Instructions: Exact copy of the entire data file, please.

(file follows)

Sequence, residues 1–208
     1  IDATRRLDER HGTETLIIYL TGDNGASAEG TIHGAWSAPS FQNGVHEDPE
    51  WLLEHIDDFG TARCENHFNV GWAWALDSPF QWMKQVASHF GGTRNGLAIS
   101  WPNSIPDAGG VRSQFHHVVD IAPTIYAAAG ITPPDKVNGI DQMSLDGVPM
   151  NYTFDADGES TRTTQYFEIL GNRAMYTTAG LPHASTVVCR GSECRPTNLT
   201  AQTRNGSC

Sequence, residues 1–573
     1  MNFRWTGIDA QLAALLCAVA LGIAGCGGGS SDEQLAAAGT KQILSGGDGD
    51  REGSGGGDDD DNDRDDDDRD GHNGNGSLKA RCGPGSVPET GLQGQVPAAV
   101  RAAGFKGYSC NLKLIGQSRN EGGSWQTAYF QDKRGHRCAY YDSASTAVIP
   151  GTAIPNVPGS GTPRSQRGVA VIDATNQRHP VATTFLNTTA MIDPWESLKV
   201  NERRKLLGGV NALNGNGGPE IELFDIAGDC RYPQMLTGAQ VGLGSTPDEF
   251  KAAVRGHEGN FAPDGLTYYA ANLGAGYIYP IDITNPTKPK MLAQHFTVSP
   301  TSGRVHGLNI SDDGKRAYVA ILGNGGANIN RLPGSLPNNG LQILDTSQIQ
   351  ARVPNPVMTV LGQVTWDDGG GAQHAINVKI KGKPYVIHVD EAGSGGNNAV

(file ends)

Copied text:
Sequence, residues 1–208
     1  IDATRRLDER HGTETLIIYL TGDNGASAEG TIHGAWSAPS FQNGVHEDPE
    51  WLLEHIDDFG TARCENHFNV GWAWALDSPF QWMKQVASHF GGTRNGLAIS
   101  WPNSIPDAGG VRSQFHHVVD IAPTIYAAAG ITPPDKVNGI DQMSLDGVPM
   151  NYTFDADGES TRTTQYFEIL GNRAMYTTAG LPHASTVVCR GSECRPTNLT
   201  AQTRNGSC

Sequence, residues 1–573
     1  MNFRWTGIDA QLAALLCAVA LGIAGCGGGS SDEQLAAAGT KQILSGGDGD
    51  REGSGGGDDD DNDRDDDDRD GHNGNGSLKA RCGPGSVPET GLQGQVPAAV
   101  RAAGFKGYSC NLKLIGQSRN EGGSWQTAYF QDKRGHRCAY YDSASTAVIP
   151  GTAIPNVPGS GTPRSQRGVA VIDATNQRHP VATTFLNTTA MIDPWESLKV
   201  NERRKLLGGV NALNGNGGPE IELFDIAGDC RYPQMLTGAQ VGLGSTPDEF
   251  KAAVRGHEGN FAPDGLTYYA ANLGAGYIYP IDITNPTKPK MLAQHFTVSP
   301  TSGRVHGLNI SDDGKRAYVA ILGNGGANIN RLPGSLPNNG LQILDTSQIQ
   351  ARVPNPVMTV LGQVTWDDGG GAQHAINVKI KGKPYVIHVD EAGSGGNNAV